by Jenny Leigh Hodgins
Day after summer day, hours upon hours, her body doubled over, almost upside down, with thick gloves, digging through weeds to pull up yellow squash, or heads of lettuce and cabbage, or cucumbers and tomatoes…
Particularly amused, she’d hold one of the large ones up in the air, flashing it at us as if she’d proudly caught a rotund fish, and shout with glee, ‘Would ya LOOK at this thing?!’
From our swing-set seats or upon briefly halting our mad dashes through the water sprinkler, or our wrestling match with the dog, we’d give it a once over. A quick glance at that bumpy, odd-shaped giant, yellow catch-of-the-day. And roll our eyes in mutual amazement.
With her large-rimmed straw hat, she protected that fair, freckled, beautiful Southern-belle face from the bold sun beating down at her. I was always quietly amused at how she’d brazenly wear those strapless halter tops and short shorts, bearing all kinds of skin, sweating bullets through her pores— completely immersed in the greenery and rainbow of vegetables she tended patiently and cheerfully.
Ever so often, snatching up a hoe, she’d thrust it into the ground, as if spearing a swimming crab, let out an unexpected loud yelp, then flip her arms forcefully, to toss the remains of a garter snake against the fence.
How I used to moan and groan when she’d order me out there with her to pull weeds or pluck green beans, dishing out grief like a true adolescent whenever I had to sit out in that heat with her and my Aunt Nonnie, to pull strings off those green things. One by one, throwing them in a silent pile inside my grandmother’s big, antique porcelain bowl. Those moments were like sitting on time, as if nothing else in the world would happen next. As if all there was to do was sit in the heat plucking out strings, building my mountain of fresh, snapped pieces in that old bowl.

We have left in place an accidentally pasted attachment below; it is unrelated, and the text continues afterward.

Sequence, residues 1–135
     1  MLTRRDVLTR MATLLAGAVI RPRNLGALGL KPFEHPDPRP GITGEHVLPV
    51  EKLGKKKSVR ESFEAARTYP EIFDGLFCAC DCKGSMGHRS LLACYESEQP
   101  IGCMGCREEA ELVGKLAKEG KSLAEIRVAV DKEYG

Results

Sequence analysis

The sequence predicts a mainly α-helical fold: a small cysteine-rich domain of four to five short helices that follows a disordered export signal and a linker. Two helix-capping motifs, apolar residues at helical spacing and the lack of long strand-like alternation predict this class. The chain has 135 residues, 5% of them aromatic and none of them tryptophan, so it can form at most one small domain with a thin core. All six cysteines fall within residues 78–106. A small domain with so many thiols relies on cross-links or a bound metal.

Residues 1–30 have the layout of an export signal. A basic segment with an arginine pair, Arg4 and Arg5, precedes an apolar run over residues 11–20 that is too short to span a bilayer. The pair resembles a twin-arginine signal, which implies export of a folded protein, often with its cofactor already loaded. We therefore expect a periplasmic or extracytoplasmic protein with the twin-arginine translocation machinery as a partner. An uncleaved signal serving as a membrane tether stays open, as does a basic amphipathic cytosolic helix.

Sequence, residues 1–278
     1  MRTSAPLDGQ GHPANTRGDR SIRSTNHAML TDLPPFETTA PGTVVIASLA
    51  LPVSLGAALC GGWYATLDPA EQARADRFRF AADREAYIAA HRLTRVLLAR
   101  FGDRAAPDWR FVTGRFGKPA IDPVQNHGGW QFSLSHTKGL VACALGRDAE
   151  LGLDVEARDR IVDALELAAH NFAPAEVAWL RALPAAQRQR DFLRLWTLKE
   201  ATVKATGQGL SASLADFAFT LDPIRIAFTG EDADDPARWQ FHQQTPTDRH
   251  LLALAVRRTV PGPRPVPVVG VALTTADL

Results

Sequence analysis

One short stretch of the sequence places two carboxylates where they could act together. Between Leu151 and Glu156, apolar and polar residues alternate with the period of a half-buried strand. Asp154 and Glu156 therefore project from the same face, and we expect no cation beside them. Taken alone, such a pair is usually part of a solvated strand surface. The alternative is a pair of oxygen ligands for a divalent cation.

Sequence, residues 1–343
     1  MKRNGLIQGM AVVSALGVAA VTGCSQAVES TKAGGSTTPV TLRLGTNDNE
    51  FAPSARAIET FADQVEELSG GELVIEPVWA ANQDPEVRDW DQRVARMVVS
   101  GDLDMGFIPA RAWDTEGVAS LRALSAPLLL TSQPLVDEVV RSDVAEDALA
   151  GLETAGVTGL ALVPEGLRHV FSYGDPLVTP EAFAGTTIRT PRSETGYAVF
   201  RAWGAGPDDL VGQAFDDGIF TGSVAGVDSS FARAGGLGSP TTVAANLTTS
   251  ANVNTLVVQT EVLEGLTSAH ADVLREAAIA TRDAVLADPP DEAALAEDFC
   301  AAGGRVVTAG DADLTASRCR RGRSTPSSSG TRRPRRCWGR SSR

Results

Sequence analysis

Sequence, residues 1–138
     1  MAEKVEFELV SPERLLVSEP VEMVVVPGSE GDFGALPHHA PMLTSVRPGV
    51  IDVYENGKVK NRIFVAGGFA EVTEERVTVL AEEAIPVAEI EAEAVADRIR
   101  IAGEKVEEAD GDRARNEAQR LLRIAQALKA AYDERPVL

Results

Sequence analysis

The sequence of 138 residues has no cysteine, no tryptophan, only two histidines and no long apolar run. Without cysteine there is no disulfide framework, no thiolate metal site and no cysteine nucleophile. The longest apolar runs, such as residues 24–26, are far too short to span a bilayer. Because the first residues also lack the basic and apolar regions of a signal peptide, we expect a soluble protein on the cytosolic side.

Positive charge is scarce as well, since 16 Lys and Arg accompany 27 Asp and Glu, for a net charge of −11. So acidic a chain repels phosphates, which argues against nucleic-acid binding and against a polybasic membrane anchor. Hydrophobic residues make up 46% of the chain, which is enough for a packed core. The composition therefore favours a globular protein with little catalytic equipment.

After all my fussing, there’s still nothing that compares to the aroma and those scrumptious feasts she’d lay out before us, day after day, night after night, with the colors of her garden always arranged as beautifully on our table as any painter’s glorious canvas scene.
Never will forget the warmth of her kitchen, the artistry of her table, set by me with careful instructions from her, my director at the helm. Every meal a special occasion of a mother’s love, each plate carefully decorated with her flair; Vegetables draped elegantly over those flowery designs on the edges of our china. Main course meats and pork sliced ever so symmetrically, dotted with sauces or gravies for just a splash of color or a special, flavorful sensation.
Even now, in my own inferior kitchen rumblings, those delectable moments in my memories of my mother pull me through, guide my tastebuds, hold me up, as I put together my own dinners. I sit, in silence, chewing my food while far away in time and thought, re-living my mother’s way of filling her children with love and nourishment.
I am grateful, and oh so satisfied, to have experienced my mother’s wonderful, Southern hospitality.